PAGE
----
All posts by Erin

Let the Music Play

I am sitting here in Panama City at Hostel Mamallena listening to a fabulous jam session.  An Israeli guy named Ben on Harmonica, Will, the hostel manager accompanying on guitar, and my man Todd playing lead.  Townes Van Zandt on the play list.  This afternoon I had a little life moment.  A lot of stress, some quick tears on the street, yet, this is what my days have become.  Why do I feel anxious sometimes when at the end of the day it is simple; life is grand.  The music soothes and grounds you back to reality.  Hopefully, before you fall too far into a self loathing melancholy of who knows what.

Different nations have combined here to make wonderful spontaneous music.  Beers and box o’wine clutter the table, chatter encompasses the backgrounds, and the smiles abound.   The music plays on, interrupted with laughter and conversation.  This is life today.  In this hostel.  In Panama City.Panama City

On the Road Again

Good bye Nicaragua.  We had a fabulous go in Nicaragua.  Between a visit from Ryan, Dale, the Nica people, working at Imagine and the land as a whole it was spectacular.  But now we are in Costa Rica.  Various modes of transport later we made it; one chicken bus ($1/10C), one collectivo taxi ($3.75/70C), and a free ride in the cab of a semi later, we made it.  

We spent our last two nights in Nicaragua in San Juan Del Sur.  I really wanted to hit the beach again.  Maybe have a go at surfing, but it was too damn hot and expensive.  So Todd and I enjoyed the local beach, splashed around in the waves, enjoyed using a kitchen again.  The place was pretty, but very touristy.  Luckily, the day we left was dingy and rainy. Always makes things easier.

So, we decided to hitch hike or catch a cheap local bus once we crossed the border into Costa Rica.  We had been warned by many travellers that Costa Rica was expensive.  But I took the information, filed it away, and was flabbergasted when the buses wanted 10dollars to take us to San Jose.  So Todd and I hoofed it over the border, still excited to be on the road again.  We ran into two girls with vast hitching experience and they managed to grab a semi truck who accepted all four of us, no questions and no money required.  What I thought was going to be a 2 to 3hr ride was  5plus.  Luckily, I pass out on uncomfortable and hot busses, so sleeping in the semi was no problem.  Even with the soft bed my tush was resting on.  I love the random when traveling.  And riding in the cab of a semi definitly falls into the random catagory.

We made it into San Jose last night.  It rained all day  (good thing we found a ride when we did).  We have been in Granada so long I forgot about congestion and smog.  San Jose has a lot of both.  Luckily, the horizon is draped in rolling green hills and mountains.  A visual escape.  We are staying at Hostel Pangea for an outrageous price of 12dollars for a dorm room each.  A very western style place; pool, bar, night club, food, cleanliness, people, and style.  Call us snobs or antisocial but I found the whole thing a bit contrived.  I do like the free internet and sheets though.  We were supposed to rent some motorcycles and get out of the city for a day or possible overnight.  On a side note, the ooncce, oonncce music is in full effect right now at the early hour of 3pm.  A little nervous to hear what is to come late night.  Anyway, I had contacted a rental place and pretty much set the whole thing up.  Yet, they did not get back to us until 12pm today.  Tour was scheduled for this morning.  So a couple choice words from Todd and I, and we decided to bag the deal.   Oh, well.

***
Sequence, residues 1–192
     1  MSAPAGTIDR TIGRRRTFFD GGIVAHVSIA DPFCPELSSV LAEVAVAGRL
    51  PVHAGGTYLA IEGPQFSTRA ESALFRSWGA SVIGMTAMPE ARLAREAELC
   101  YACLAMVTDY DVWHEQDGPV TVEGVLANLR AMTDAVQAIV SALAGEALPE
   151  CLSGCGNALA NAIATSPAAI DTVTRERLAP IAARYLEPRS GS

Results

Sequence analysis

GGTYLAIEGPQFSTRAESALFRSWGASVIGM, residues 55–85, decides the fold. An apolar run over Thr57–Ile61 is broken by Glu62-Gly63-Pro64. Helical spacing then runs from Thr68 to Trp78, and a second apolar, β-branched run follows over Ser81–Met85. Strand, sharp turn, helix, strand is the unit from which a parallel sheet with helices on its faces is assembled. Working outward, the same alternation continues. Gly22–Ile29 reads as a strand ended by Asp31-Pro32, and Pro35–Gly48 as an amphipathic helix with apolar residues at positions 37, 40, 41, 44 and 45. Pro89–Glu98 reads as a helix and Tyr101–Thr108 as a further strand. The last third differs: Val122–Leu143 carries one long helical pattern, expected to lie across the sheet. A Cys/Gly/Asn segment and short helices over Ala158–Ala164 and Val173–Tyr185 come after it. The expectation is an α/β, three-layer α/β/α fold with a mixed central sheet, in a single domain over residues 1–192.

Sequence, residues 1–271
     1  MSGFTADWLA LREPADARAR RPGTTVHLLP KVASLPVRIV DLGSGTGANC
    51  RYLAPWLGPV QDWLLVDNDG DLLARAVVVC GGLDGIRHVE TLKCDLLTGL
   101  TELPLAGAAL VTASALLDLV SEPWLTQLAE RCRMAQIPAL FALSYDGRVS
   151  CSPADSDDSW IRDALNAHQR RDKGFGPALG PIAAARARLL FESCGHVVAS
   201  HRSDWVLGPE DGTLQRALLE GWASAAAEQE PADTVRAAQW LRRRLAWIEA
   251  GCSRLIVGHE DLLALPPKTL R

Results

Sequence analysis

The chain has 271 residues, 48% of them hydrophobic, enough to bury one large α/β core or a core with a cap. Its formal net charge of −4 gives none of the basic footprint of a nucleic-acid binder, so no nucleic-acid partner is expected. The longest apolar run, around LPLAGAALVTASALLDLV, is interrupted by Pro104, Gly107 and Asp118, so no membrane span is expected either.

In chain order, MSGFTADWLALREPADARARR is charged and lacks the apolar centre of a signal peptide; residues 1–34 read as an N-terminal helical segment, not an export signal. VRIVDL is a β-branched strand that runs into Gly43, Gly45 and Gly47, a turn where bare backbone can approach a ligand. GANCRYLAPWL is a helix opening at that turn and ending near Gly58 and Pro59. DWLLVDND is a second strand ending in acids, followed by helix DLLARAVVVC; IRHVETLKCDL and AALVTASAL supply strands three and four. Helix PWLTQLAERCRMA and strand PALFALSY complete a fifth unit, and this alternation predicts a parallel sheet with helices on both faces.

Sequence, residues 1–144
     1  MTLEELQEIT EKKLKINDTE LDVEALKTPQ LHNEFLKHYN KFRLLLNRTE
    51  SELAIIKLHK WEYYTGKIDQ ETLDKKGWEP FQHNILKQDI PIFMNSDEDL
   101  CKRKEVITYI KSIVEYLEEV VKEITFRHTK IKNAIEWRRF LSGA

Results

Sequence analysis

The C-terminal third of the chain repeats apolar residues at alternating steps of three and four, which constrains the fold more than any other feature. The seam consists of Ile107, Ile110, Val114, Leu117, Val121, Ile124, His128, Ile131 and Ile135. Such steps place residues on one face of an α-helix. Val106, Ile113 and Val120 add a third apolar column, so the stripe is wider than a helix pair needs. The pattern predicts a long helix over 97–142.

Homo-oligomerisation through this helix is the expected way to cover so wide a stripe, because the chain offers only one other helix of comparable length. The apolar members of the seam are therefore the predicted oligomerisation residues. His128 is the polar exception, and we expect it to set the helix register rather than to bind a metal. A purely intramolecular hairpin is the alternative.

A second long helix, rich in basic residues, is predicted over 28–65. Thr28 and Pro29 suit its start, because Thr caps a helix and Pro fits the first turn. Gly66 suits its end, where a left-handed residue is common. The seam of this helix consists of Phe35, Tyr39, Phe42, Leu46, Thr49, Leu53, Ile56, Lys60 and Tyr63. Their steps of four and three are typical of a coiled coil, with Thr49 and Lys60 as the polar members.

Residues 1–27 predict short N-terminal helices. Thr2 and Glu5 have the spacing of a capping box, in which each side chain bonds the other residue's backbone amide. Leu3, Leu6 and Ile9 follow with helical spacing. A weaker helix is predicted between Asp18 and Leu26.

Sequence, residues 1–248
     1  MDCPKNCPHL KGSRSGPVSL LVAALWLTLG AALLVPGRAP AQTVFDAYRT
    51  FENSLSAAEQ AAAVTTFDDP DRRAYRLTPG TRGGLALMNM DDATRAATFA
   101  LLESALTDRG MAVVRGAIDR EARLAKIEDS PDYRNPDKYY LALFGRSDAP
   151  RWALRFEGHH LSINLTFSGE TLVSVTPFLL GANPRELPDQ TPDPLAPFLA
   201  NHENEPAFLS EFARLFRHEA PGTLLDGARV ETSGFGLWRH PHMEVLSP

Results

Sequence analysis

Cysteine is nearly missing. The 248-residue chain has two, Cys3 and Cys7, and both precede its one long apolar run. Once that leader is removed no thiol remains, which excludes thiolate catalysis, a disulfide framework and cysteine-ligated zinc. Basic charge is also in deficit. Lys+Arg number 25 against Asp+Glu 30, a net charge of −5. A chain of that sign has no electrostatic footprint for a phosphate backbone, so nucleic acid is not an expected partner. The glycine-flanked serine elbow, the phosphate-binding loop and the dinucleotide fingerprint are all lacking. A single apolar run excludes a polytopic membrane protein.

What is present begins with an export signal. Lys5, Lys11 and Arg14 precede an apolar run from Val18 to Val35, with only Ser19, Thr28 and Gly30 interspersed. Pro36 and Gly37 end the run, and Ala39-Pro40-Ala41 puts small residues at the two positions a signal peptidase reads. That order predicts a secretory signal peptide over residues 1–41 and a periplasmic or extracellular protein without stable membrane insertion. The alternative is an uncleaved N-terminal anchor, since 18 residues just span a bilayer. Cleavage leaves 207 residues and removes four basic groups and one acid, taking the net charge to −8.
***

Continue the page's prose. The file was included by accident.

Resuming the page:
The funny thing about changing countries so often is the constant need to change money.  You would think that adjacent countries would set up convenient systems for such a purpose.  No!  Yes, there are the touts at every border eager and waiting to change your money, but one never knows if the rate you are getting is subpar or the best you will get.  So, we take the approach of a little money changed at the border and the rest in a city.  We may be changing this strategy.  We went to at least 6 banks and a Bureau de Change today.  Yes, they changed Cordobas(Nicaraguan currency) for Colons (Costa Rican) but only old bills.  Go figure.  In Granada, there were always guys on the street willing to change almost any currency.  But in a big city like San Jose, they dont seem to have it together.  They would exchange the cordobas but only if they were the old tattered bills.  Of course, we only had the new bills that came straight out of the ATM.  So, instead of riding a motorcycle through the beautiful mountains we hoofed it all over town trying to find the one reasonable bank in town. Luckily, it does exist.  Mission finally accomplished.

We grabbed a quick bite to eat at a local buffetesque place.  It was delicious.  I had a fried rice, green salad, and a beef torta.  It looked kind of like a burger but not.  Todd dined on white rice, his favorite, black beans, pasta salad, and a hunk of pork.  Surprisingly good and very filling.  As for tomorrow, no idea what we will do.  We have a bus scheduled for 11pm to take us on a long 18ish hour ride to Panama City.  Sounds like fun already.

Dont know that I am enjoying San Jose.  But it is nice to be on the road again.  Panama City here we come!

Donde esta el Toro?

A crazy couple days have ensued.  Friday night, fabulous dinner with our friend Cammy.  Saturday, vowing to take it easy, we stayed up late drinking with our new friend Tobie.  Sunday, oh Sunday!  Monday, a celebration with Tobie on her last night in town.  And that brings us to today, Tuesday.  Sitting here at Imagine writing a blog instead of tackling the pile of work I should be doing.